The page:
BlackBerry versus iPhone – Benchmarking the Browser

Lately I’ve been thinking about getting a netbook. They seem trendy, and I like gadgets. But I’ve started questioning what I would get from one that I don’t get from my current devices. I’ve concluded that what I want isn’t a netbook, it is a phone that is actually good.

I’m the happy owner of a BlackBerry Bold. I upgraded from a Curve the day the Bold came out. I’m pleased with the device. It has a great keyboard. The built in push-mail client works well, and the calendar is also very good. Third party apps complete the picture, including google maps and gmail. In fact, the gmail client for blackberry is arguably better than the built in blackberry mail client. The device is small. It has a great screen, and a great keyboard.

But one reason I’m a happy BlackBerry owner is that on the weekends, or when I’m traveling, I have ready access to an iPhone. My wife has had once since they first came out. I can confidently say that the iPhone is a piece of electronics that actually changed my life. With an iPhone, one no longer has to plan trips at home. You can plan them en-route. It becomes possible to choose good restaurants, good activities, and hotels, all on the fly. The iPhone is a device that enables our just-in-time, always-connected lifestyle.

The BlackBerry, on the other hand, is an email appliance. It’s a great email appliance, but it won’t change your life like an iPhone does. The reason, once I got to thinking about it, is that the BlackBerry web browser is crap.

Now, technically it is a fully featured web browser. You can zoom and pan, or reflow text into columns. It implements javascript, css, and all kinds of modern web stuff. But that doesn’t make it a good browser. It is still a chore to use. Some of the challenges are usability. The “back” versus “cancel” behavior always confuses me, for example. And it doesn’t have tabs. But most of the problem’s come down to performance. It is just too slow.

We got a new iPhone 3GS today. The first thing you notice is that it is even more responsive than the original iPhone. Some of that is new hardware, and some is new software. The snappy new iPhone makes the BlackBerry look even worse. So I decided to try to measure the relative performance.

I’d like there to be a mobile-browser benchmark that measured every aspect of the user experience. Unfortunately, there is not. What does exist is the SunSpider benchmark for JavaScript engines. This benchmark measures the speed of various Javascript operations, and draws conclusions about the implementation. It was developed by the WebKit development team at Apple, so there is a good chance the iPhone is already tuned for it. But it’s a place to start.

phones4.pngThe results are pretty telling. In case you hadn’t guessed, lower numbers are better. The BlackBerry JavaScript implementation runs at least three times slower on every test. And on many it is seventy times slower. There are three subtests which it is unable to complete, so I left them out of the measurements. Overall, the BlackBerry is 57 times slower than the new iPhone.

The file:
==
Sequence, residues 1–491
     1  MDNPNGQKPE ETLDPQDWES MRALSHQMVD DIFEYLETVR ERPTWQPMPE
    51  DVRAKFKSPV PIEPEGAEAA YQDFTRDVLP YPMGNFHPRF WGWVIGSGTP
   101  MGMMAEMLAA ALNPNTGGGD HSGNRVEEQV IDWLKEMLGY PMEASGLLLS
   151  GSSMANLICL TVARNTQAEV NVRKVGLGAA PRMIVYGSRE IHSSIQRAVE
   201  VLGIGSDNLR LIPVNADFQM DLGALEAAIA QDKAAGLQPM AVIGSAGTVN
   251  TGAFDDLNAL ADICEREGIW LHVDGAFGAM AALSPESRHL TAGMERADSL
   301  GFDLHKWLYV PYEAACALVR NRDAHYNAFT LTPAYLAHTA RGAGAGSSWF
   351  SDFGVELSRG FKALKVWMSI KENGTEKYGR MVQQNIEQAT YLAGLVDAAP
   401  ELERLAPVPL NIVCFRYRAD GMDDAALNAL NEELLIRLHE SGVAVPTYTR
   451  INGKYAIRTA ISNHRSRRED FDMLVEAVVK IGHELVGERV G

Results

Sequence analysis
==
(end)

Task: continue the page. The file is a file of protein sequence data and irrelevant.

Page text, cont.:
phones3.pngSince it is difficult to see what is going on between the new iPhone and the old, I’ve pulled out those numbers to graph on their own. The obvious thing to notice is that the new iPhone is considerably better than the old iPhone. The old iPhone was running upgraded software, so all the differences are in the hardware, or in the way the software can take advantage of the new hardware.

But I think the most striking difference is to compere the two graphs. I’ve included Firefox here as a baseline. This is Firefox running on my MacBook Pro, a state of the art machine with a state of the art browser. Notice how much better Firefox is than the old iPhone? Well, the old iPhone is more than that much better than the BlackBerry.

The BlackBerry hardware is pretty respectable. The only conclusion to draw here is that the implementors at RIM aren’t working very hard on the browser, or have somehow handicapped themselves to the point where they cannot deliver a competitive browser. And without a competitive browser, it won’t be long before the BlackBerry isn’t considered a competitive device.

For more information on JavaScript Benchmarks in general, see John Resig’s JavaScript Performance Rundown. If anyone would like to run SunSpider on a G1 or other Android phone, I’d be happy to post the results.

1 Comment »

 
  1. Tom Miller says:

    You have just quantified why one of the recommendations to speed up the blackberry browser is to turn off the JavaScript support leaving it “optional” (as called for).

    Some of the other ideas include turning off the background images, turning off html table support and turning the quality of the images to “low” instead of medium.

    Don’t get me wrong, these don’t make it “fast” they just make it less slow… :)